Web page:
Last January the PUC, chaired by longtime climate change warrior Anthony Roisman, opined in a legislatively-mandated report that a “robust” carbon tax on heating oil, kerosene and propane is sorely needed “to benefit the users of these fuels.” That urging followed his announcement two years earlier that Vermont was facing a “Pearl Harbor moment” requiring a “wartime effort” to cope with the growing Menace of Climate Change.
Roisman’s PUC seems likely to use the PUC-created and (arguably) extralegal “societal benefits” criterion to approve Big Wind and Big Solar projects that would otherwise flunk the Supreme Court’s aesthetics test. That would defeat the representations of citizen groups opposed to (arguably) environmentally defective projects, spurn the clear mandate of the Supreme Court, and greenlight the renewable-industrial complex that is waxing fat on subsidized wind and solar.
Only skilled lawyers can penetrate the workings of the PUC. The utilities and the renewable energy developers have hired those skilled lawyers to persuade a receptive PUC to make use of its undefined “societal benefits” criterion — such as “defeating climate change” — to approve their applications.
That’s why the Richville Road Solar developer, in a brief to the PUC, threw in this revealing Roisman-appealing though false argument: “Under Rule 5.112 the Commission conducts an aesthetic review as articulated in Halnon, which includes policy considerations such as societal benefits. The Project, as with other solar net metered projects, will result in societal benefits by utilizing a renewable energy resource that will assist in the reduction of greenhouse gases which in turn will address climate change impacts.”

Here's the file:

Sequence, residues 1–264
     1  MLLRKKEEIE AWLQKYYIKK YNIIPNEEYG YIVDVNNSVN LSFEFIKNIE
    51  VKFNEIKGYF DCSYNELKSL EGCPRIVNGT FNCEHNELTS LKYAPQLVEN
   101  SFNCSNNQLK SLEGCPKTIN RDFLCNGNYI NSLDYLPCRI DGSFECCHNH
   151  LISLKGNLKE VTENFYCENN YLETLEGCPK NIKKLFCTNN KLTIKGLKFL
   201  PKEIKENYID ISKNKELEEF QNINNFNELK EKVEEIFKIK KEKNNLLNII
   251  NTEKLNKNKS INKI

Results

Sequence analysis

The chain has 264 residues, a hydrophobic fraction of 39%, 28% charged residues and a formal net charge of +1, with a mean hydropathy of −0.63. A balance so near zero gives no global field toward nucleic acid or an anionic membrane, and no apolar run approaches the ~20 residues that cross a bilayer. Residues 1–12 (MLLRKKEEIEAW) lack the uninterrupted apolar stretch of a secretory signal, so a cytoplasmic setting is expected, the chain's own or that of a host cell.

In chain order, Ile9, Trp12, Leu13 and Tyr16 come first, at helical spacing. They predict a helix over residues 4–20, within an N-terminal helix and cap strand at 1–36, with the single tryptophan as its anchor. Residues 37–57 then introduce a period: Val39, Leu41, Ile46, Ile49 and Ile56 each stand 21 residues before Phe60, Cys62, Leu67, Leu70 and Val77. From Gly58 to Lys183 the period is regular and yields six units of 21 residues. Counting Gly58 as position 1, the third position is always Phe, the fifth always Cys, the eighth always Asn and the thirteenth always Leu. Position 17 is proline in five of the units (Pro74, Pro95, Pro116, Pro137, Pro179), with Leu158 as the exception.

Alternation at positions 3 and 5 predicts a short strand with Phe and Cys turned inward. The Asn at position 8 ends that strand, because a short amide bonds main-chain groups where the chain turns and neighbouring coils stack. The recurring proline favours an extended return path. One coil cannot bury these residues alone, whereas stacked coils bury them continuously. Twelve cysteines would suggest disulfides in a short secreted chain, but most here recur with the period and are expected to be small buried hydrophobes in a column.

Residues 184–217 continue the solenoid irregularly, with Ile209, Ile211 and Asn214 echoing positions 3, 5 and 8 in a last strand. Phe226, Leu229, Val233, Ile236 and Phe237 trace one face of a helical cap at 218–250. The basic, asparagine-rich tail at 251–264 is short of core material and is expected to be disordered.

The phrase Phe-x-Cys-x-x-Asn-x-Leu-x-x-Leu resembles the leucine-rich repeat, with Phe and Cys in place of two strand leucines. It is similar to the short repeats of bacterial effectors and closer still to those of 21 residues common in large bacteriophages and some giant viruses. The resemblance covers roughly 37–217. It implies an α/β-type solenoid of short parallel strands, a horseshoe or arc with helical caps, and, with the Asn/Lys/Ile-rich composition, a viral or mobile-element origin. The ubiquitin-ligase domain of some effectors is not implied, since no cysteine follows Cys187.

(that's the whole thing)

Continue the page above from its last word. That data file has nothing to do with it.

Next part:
The PUC’s decision in the Richvile Road application is pending. Will the PUC override the recommendation of its hearing officer by invoking “societal benefits” to rush through ever more renewable energy projects, that Roisman believes are so desperately needed to save the Earth from a “Pearl Harbor” climate catastrophe?
“Societal Benefits” — the PUC’s magical incantation! Who, again, ever voted for that?
John McClaughry is vice president of the Ethan Allen Institute.
10 thoughts on “McClaughry: Vermont’s fourth branch of government”
Since I have installed my solar system (which I am still paying for), the PUC have changed the laws that only benefit GMP, not the system owner. After a year, all the excess credits I generate will be “given” to GMP so they can profit off of the solar system I am still paying a loan on. Just another day in the life of a Vermont homeowner. Take, take, take, take and take some more.